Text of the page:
Spoke to my wife after my post. Some of what you say is true. Miesposa says, though, that "brillando" is more cultural than anything else. Something along the lines of Dominican households always "trapiando."

  6. #25
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    This would break my heart. I adore my Le Creuset cookware but do not permit anyone but myself to use or clean.

    Quote Originally Posted by the gorgon View Post
    i learned real fast. the first time a housekeeper took steel wool to my Le Creuset dutch oven, i knew, then and there, that certain things are best done yourself.

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  8. #26
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    Quote Originally Posted by Thatoneguy View Post
    Are you 100% sure on the chicken/cockroach thing?
    They apparently have some kind of stink gland that makes them inedible. The chicken was practically stepping on it and showed no interest at all and they were telling me it was a waste of time...

  9. #27
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    I don't even let Americans handle my kitchen gear unless I'm directly supervising them. I've seen some obscene stupidity in supposedly professional kitchens. At one kitchen I was visiting that I use to manage, I had to stop them from tossing out a huge aluminum roasting pan set as scrap metal that was worth over $250. They also wanted to toss out some cast large iron skillets because they were rusty. They had been running them through the dishwasher.. ugh.

  10. #28
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    "MANY Dominicans still use kerosene stoves"???????????????????????????
    Since 1986 I have not seen one yet!
    CCCCCCCCCCCCCCCCCCCCCCCCCC
    A propane stove/burner, that is not adjusted correctly WILL leave a "sooty" pan.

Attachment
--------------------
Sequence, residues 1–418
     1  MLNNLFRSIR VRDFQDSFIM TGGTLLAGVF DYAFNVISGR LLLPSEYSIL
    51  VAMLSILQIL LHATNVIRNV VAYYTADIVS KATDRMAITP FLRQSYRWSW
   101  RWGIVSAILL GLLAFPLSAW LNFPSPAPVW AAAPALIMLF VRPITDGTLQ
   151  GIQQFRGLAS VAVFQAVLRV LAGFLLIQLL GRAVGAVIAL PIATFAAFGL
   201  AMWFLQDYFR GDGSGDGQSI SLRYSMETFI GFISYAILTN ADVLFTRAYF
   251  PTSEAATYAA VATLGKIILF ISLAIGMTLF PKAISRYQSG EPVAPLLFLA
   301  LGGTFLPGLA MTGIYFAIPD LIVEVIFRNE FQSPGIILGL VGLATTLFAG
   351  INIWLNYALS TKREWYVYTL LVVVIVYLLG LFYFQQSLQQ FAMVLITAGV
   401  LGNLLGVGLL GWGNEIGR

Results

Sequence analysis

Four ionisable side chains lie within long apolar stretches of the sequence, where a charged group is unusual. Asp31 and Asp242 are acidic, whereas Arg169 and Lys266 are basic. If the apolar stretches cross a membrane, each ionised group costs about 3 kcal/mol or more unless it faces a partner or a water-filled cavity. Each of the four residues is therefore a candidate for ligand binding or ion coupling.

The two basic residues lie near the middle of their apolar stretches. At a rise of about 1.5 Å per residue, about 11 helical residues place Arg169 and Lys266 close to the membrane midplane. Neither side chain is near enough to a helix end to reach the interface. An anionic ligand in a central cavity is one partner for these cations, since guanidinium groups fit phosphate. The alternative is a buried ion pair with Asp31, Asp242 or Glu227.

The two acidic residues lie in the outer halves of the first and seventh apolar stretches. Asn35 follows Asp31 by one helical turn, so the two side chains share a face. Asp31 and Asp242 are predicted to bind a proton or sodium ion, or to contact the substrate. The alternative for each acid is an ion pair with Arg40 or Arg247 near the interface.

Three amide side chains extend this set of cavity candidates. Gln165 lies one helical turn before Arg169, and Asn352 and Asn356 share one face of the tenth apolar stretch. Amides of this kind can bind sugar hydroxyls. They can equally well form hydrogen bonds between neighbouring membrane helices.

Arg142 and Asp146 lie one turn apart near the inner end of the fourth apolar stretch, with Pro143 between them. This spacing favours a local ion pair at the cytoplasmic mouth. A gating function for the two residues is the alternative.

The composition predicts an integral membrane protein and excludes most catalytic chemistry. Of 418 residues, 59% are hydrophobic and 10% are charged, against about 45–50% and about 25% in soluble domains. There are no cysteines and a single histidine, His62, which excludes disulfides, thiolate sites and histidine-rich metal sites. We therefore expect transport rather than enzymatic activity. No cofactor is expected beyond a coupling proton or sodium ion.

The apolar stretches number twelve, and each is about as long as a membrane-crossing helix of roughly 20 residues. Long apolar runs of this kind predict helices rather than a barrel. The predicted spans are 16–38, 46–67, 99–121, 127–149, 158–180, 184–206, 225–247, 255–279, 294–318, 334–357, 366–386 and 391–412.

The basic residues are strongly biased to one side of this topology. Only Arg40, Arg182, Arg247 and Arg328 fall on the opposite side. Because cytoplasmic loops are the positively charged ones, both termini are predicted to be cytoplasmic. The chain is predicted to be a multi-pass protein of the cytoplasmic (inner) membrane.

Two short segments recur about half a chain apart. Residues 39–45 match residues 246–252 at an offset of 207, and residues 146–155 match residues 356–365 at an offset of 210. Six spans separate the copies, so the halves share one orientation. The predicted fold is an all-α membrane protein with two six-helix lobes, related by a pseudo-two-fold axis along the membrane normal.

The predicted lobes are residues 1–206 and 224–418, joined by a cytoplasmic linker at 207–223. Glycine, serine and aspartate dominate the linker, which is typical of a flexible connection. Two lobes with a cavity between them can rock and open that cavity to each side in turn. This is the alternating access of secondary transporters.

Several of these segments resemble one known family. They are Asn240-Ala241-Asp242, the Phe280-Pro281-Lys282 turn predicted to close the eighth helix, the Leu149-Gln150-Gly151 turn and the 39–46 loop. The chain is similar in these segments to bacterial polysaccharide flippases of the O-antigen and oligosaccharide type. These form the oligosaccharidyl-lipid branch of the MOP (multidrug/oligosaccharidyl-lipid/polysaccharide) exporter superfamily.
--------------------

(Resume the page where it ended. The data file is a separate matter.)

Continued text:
CCCCCCCCCCCCCCCCCCCCCCCCCCCCCCCCCCCCCCCCCCCCCCCCC

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  12. #29
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    Quote Originally Posted by Criss Colon View Post
    "MANY Dominicans still use kerosene stoves"???????????????????????????
    Since 1986 I have not seen one yet!
    CCCCCCCCCCCCCCCCCCCCCCCCCC
    A propane stove/burner, that is not adjusted correctly WILL leave a "sooty" pan.
    CCCCCCCCCCCCCCCCCCCCCCCCCCCCCCCCCCCCCCCCCCCCCCCCC
    I've never seen a kerosene stove either - many of our DR neighbors still cook with wood, they have a little 'casita' or tent out behind their house where they do their cooking. Now I'm sure THAT leaves soot.

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  14. #30
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    Quote Originally Posted by AlterEgo View Post
    I've never seen a kerosene stove either - many of our DR neighbors still cook with wood, they have a little 'casita' or tent out behind their house where they do their cooking. Now I'm sure THAT leaves soot.
    I've seen them in the campo, but it was a long time ago. They prob have switched to propane since then. The black pots issue hasn't gone away yet..